Enfilade

Eighteenth-Century Religion between History and Art History

Posted in books, reviews by Editor on March 5, 2010

Recently added to caa.reviews:

Nigel Aston, Art and Religion in Eighteenth-Century Europe (London: Reaktion Books, 2009), 320 pages, ISBN: 9781861893772, $45.

Reviewed by Michael Yonan, University of Missouri–Columbia; posted 25 February 2010.

. . . Among crossdisciplinary connections, perhaps none is so elusive, so fraught with traps, as the boundary between history and art history. It is a boundary all the more striking for its invisibility. Art historians typically assume that they are partaking in historical study, that the tools they bring to cultural artifacts from the past illuminate an understanding comparable to that of their historian colleagues. All the greater their surprise, then, when they attend a history seminar or delve into historical journals and discover that their colleagues actually speak a different language and reach sometimes strikingly unfamiliar conclusions. Confusion and misunderstanding can happen in the opposite direction, too.  Historians create knowledge about the past typically from texts, and it can seem a small step to translate that knowledge to images and spaces, visual constructions that likewise are products of the past and which ostensibly engage the same concerns. Nigel Aston recognizes the divide between his discipline, history, and art history and notes their differences in the introduction to his book “Art and Religion in Eighteenth-Century Europe.” He begins by registering his own interdisciplinarity, but reminds his readers that as a historian he brings a disciplinary perspective to the material at hand. That material is this period’s plentiful religious art, and he adds that in being fascinated by it he has been more or less alone among Anglo-American scholars. Certainly he is correct in noting that religious imagery desperately requires additional study and greater emphasis in our growing discourse on eighteenth-century art. . . .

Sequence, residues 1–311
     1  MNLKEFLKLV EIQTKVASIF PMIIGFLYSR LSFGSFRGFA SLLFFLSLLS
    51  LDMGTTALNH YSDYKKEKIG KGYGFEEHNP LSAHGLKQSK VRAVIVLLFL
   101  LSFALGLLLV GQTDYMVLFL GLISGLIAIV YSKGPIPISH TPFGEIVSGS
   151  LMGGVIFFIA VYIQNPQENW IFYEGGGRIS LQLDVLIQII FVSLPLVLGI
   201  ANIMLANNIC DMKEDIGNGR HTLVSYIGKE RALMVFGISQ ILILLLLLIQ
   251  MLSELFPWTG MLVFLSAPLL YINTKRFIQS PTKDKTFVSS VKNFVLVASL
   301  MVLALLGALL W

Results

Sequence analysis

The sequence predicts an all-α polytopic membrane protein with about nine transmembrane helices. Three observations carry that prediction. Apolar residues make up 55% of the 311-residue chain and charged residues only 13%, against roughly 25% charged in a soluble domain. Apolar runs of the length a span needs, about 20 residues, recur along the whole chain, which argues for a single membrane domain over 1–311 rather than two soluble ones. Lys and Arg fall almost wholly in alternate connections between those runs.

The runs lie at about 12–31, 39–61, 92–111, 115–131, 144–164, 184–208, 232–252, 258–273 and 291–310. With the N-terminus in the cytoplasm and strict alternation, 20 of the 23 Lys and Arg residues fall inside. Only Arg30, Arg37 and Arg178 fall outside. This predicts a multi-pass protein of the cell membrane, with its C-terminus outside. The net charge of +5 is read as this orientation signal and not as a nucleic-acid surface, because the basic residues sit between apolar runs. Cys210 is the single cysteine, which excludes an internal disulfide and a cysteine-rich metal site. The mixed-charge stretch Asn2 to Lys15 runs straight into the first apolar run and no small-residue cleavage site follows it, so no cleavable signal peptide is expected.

For the full review, click here»